How common is bullying in academia?Fairly common, though the form and extent depends on the field. This answer is about a "micro" example: not a person being pursued but a particular kind of single incident.
In economics (and I believe in other fields as well), the following dynamic sometimes happens in a seminar where someone is presenting his or her  research.
Someone knowledgeable asks a question about a detail of the analysis. The speaker's answer reveals that he didn't know something important or didn't think through the issue. In any case, the answer reveals weakness. So somebody follows up, and the second question---along with the answer, perhaps---reveals even more clearly there is a hole, growing in apparent size, that the speaker was not prepared to address. (Sometimes the speaker will have a few sentences intended to address the issue, but the audience clearly feels the response is superficial or otherwise inadequate. Or they simply don't understand what's being said.)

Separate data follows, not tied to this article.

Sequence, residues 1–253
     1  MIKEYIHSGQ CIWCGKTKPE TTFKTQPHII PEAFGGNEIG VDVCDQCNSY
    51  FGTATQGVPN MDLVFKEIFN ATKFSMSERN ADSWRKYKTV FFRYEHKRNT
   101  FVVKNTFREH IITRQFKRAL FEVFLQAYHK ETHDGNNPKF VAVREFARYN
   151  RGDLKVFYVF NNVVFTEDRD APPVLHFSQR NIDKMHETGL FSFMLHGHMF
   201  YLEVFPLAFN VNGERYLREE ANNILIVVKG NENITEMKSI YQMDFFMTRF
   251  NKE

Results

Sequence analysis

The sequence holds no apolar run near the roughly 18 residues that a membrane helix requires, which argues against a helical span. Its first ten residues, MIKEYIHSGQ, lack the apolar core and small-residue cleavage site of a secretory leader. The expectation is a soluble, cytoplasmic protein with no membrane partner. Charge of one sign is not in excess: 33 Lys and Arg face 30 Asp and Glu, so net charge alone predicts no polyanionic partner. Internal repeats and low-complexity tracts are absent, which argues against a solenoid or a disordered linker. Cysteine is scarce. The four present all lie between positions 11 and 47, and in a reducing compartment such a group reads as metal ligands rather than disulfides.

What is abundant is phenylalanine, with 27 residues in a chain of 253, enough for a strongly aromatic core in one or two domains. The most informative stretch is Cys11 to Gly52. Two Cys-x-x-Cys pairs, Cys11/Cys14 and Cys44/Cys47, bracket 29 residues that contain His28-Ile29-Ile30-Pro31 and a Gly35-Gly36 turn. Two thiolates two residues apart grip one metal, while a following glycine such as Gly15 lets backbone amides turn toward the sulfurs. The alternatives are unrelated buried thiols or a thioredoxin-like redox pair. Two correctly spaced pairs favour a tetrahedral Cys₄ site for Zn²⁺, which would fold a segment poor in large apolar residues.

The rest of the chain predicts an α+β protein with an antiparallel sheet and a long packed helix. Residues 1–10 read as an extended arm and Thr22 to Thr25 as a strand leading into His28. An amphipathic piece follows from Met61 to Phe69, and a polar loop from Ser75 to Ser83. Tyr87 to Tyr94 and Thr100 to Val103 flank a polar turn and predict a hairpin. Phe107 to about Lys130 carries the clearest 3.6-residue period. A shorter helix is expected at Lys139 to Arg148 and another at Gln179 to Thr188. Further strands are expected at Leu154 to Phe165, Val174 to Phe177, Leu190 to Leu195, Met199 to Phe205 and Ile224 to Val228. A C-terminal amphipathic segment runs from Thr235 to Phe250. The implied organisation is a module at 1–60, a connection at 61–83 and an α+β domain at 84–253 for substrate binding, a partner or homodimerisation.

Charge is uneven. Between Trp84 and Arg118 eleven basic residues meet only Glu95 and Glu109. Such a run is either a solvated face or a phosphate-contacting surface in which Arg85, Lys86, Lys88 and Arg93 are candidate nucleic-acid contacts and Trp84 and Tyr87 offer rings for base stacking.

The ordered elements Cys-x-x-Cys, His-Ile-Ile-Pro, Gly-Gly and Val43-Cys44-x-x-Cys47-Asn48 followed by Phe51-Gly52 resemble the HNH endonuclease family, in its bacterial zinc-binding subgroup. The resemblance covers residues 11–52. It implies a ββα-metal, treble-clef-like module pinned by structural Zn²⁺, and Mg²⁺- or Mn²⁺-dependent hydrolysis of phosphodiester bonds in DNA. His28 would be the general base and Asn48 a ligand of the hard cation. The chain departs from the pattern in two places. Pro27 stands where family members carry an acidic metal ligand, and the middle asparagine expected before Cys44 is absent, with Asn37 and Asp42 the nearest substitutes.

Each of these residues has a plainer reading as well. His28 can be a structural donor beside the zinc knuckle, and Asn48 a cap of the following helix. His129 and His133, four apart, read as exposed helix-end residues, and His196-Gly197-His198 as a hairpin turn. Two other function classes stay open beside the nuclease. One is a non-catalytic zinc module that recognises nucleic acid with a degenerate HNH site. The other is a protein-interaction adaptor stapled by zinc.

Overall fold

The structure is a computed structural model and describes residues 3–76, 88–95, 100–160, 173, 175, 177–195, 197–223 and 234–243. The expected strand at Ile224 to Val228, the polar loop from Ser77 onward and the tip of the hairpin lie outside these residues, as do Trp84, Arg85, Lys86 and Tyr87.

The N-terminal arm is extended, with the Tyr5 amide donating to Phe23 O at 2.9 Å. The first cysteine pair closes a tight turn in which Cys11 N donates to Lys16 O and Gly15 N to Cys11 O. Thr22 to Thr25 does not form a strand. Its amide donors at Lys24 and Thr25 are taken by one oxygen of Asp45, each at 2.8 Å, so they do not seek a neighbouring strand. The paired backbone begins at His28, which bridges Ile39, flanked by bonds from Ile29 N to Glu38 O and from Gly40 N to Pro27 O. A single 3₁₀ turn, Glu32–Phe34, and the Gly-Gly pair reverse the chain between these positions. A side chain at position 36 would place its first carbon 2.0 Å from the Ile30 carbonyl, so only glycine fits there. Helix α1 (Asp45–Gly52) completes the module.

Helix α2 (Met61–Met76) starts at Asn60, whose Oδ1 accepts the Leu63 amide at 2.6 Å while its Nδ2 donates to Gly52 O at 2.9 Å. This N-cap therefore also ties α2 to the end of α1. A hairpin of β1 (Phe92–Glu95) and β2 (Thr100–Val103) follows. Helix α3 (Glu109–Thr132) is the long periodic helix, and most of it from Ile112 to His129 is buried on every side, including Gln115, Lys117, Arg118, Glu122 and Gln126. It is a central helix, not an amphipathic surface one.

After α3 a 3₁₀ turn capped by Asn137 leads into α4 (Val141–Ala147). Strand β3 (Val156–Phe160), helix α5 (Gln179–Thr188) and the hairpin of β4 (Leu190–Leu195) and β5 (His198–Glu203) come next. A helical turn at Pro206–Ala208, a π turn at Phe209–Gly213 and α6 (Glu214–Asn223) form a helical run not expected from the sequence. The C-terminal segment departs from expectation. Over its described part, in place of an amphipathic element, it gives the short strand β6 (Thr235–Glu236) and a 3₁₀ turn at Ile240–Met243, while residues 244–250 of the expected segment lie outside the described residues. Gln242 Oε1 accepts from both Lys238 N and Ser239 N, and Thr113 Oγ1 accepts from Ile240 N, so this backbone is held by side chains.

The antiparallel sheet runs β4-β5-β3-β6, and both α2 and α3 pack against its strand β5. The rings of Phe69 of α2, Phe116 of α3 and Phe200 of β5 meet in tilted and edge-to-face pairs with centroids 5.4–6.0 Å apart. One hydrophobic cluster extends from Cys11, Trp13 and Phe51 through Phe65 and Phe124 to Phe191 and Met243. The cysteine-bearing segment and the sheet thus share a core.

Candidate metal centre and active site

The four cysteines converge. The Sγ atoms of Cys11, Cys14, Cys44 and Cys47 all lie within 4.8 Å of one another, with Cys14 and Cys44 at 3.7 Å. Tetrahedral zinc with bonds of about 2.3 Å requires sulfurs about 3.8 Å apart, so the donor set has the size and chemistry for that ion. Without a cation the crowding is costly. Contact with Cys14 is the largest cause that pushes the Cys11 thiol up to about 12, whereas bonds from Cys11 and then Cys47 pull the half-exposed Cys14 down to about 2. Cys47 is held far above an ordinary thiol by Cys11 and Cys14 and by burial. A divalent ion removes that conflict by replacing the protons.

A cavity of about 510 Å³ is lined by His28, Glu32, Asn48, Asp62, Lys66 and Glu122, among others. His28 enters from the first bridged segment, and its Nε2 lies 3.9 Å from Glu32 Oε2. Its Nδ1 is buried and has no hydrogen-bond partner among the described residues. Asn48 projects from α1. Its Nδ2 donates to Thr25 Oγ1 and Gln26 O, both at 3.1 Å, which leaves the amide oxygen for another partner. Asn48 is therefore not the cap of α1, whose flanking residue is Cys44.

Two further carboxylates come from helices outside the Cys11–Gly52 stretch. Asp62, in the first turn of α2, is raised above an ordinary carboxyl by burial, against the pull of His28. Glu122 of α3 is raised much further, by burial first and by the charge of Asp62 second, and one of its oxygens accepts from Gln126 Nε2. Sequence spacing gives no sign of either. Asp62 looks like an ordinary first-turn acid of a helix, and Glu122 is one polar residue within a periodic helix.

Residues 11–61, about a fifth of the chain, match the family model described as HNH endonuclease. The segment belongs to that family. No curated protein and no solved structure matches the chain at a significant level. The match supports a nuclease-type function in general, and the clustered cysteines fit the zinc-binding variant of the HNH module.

This is the crucial moment: Once people "smell blood", in certain cultures, they attack. They will call attention to other issues, which might have been too minor to bring up or easily addressed had things gone differently. But now every criticism feels like it subtracts from the speaker's credibility, and so there's this bad feedback loop. Often at some point it gets somewhat awkward, so people ease up and let the speaker finish the talk, but by now he's usually depressed and people are visibly disengaged.
I have only seen this happen a few times, but when it happens, it's pretty unpleasant for everyone and has a bullying flavor, though usually no individual in the audience actually wants to hurt the speaker. Speakers who are too timid or too assertive are more susceptible to this phenomenon. To generalize, these are people who don't fit naturally into the culture of their field---so, more often minorities.
 I'll use male pronouns for brevity.